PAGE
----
Last week Naderev Saño, the Philippines' chief negotiator at the Doha climate change talks, broke down in tears. While delegates from around the world were earnestly debating their non-response to climate change, his homeland was being lashed by a real-life typhoon. Mr Saño had no hesitation in linking the catastrophe to global warming. "I appeal to leaders from all over the world to open our eyes to the stark reality that we face," he said.
Typhoon Bopha was classified as a Category 5 supertyphoon. That means it was really big. It killed more than 700 people as it tore through the southern island of Mindanao at speeds of 160mph. More than 800 people are still missing. Assuming none is found, in human casualty terms, Bopha would be more than five times as catastrophic as hurricane Sandy, which grabbed people's attention in October as it battered the America's eastern seaboard.
Although the Philippine authorities knew for days that Bopha would make landfall, they could not have known where it was going to hit. Normally, typhoons do not travel so far south towards the equator.
"With climate change it's hard to figure out which regions are typhoon-prone," César Purisima, the finance secretary, told me in Manila. Albert del Rosario, the foreign secretary, said his country was among the most vulnerable in the world to climate change.
It is next to impossible to pin a specific weather event on the broader effects of climate change. Jean-Pascal van Ypersele, vice-chairman of the Intergovernmental Panel on Climate Change, did seek to make the link with hurricane Sandy, saying it was less likely to be a "coincidence" than an auger of more extreme weather events to come.
For the most part, we are stuck looking at long-range patterns. In the case of the Philippines, those patterns look alarming. The number of floods and severe storms to affect the archipelago has risen more than fivefold since the 1960s. Southeast Asia, it turns out, is one of the world's most vulnerable regions. Home to nearly 600 million people, it has long coastlines, high population densities in coastal areas and a strong reliance on agriculture for livelihoods.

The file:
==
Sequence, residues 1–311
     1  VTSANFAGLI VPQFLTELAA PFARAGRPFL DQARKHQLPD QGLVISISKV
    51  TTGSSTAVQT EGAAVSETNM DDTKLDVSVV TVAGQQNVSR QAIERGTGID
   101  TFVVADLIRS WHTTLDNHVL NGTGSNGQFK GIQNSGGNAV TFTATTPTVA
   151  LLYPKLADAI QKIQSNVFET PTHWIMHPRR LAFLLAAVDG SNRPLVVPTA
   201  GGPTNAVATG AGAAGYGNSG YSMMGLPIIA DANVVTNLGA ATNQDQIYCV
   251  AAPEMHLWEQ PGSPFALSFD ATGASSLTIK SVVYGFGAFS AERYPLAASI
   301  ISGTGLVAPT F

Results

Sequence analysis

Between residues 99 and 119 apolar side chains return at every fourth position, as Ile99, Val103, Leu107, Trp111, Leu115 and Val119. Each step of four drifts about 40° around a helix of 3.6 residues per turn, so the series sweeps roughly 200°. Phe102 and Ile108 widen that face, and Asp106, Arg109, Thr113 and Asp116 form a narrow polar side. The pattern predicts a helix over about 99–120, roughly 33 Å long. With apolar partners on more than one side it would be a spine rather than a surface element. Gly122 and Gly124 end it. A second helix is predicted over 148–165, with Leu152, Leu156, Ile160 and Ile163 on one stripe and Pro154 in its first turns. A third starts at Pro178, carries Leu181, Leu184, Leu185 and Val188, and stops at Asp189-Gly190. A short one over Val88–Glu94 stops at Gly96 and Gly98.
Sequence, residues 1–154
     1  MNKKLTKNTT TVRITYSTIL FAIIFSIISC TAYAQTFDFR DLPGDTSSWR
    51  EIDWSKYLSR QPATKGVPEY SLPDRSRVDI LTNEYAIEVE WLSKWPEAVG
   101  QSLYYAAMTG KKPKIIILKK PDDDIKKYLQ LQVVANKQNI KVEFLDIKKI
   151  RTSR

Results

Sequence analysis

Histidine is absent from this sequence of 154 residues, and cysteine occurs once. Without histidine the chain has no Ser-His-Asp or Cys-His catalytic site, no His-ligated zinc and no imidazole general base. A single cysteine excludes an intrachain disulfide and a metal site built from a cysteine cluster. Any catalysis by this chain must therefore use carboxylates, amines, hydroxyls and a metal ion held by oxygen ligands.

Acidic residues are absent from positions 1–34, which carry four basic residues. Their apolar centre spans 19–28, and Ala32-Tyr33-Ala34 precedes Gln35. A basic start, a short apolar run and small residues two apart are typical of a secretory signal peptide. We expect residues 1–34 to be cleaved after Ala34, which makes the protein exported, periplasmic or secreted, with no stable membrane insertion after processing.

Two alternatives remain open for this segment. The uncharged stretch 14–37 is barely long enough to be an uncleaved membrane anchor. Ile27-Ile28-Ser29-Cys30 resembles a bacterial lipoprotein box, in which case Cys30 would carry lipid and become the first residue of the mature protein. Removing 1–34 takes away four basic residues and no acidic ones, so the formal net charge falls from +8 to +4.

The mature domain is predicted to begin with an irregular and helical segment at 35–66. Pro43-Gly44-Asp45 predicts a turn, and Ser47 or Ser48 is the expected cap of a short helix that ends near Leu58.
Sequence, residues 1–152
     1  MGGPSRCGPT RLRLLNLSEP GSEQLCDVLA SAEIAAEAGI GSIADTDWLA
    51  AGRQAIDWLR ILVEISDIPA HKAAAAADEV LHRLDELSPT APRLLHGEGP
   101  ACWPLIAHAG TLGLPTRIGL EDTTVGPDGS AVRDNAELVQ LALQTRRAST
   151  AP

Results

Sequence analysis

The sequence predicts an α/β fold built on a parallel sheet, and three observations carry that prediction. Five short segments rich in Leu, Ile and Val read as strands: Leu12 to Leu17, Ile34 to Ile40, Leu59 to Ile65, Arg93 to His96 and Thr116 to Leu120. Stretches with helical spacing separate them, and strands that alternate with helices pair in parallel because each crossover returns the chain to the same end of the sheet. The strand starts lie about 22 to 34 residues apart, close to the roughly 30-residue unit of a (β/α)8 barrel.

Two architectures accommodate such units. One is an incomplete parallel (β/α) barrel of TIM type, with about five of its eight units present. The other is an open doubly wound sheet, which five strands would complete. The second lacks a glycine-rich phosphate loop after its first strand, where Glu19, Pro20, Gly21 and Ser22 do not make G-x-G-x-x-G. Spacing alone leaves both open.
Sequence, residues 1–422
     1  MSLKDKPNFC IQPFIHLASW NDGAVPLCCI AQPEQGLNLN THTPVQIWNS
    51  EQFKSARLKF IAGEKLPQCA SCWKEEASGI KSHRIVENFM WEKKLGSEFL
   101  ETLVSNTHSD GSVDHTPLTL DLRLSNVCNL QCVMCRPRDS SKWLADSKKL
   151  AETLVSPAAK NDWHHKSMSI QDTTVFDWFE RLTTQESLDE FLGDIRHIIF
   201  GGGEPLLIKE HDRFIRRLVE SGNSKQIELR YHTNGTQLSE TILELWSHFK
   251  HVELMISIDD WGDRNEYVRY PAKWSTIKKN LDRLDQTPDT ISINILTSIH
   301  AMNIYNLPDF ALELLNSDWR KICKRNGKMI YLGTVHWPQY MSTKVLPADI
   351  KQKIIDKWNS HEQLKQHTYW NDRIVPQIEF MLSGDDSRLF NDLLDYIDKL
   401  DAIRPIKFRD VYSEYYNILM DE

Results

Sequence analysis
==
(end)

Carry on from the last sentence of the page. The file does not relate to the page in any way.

Mindanao is predominantly rural. However, an even bigger risk to southeast Asia – and beyond it to Asia as a whole – are the crowded cities at high risk of inundation. In 2007, the OECD put out a study of megacities at risk from floods and superstorms. No fewer than 15 of the top 20 were in Asia, with all top eight in the region. They were Mumbai, Dhaka, Ho Chi Minh City, Guangzhou, Shanghai, Bangkok and Yangon. Manila, much of which was under water in August, didn't even make the list.
Business is vulnerable. In recent decades there has been a shift of manufacturing to Asia. Southeast Asia is a vital part of a supply chain often associated with Made in China. When floods hit Thailand last year, computer and car production elsewhere ground to a halt. The Thai floods ended up being one of the five costliest natural disasters to insurers in the past three decades.
Niall Ferguson, the Harvard historian, predicts a recovery in US manufacturing. He cites the discovery of abundant cheap energy sources in the US but also industry fears of Asian supply-chain disruption as a result of volatile weather. "North America will fare better than east Asia," he writes. "Natural disasters will happen, of course, as hurricane Sandy reminded us. But there will be more on the other side of the Pacific."
Saño's tears stemmed partly from the realisation that humans are most unlikely to act quickly enough to reverse the trend. Southeast Asia itself accounts for 12 per cent of CO2 emissions so it could make, at best, a marginal difference if it could halt deforestation and switch to less polluting forms of energy generation. Either way, Bopha will not be the last devastating tropical storm to hit the Philippines.
That leaves adaptation to what looks more and more like the inevitable. The Philippines is seeking to improve disaster preparedness and early warning systems. It is producing maps of at-risk areas and introducing a logging ban that it will struggle to enforce. It is also seeking to clamp down on illegal mining, which can exacerbate the risk of landslides. It is not a lot.
But with limited resources and an international community that prefers talk over action, it's all there is.
Copyright The Financial Times Limited 2012.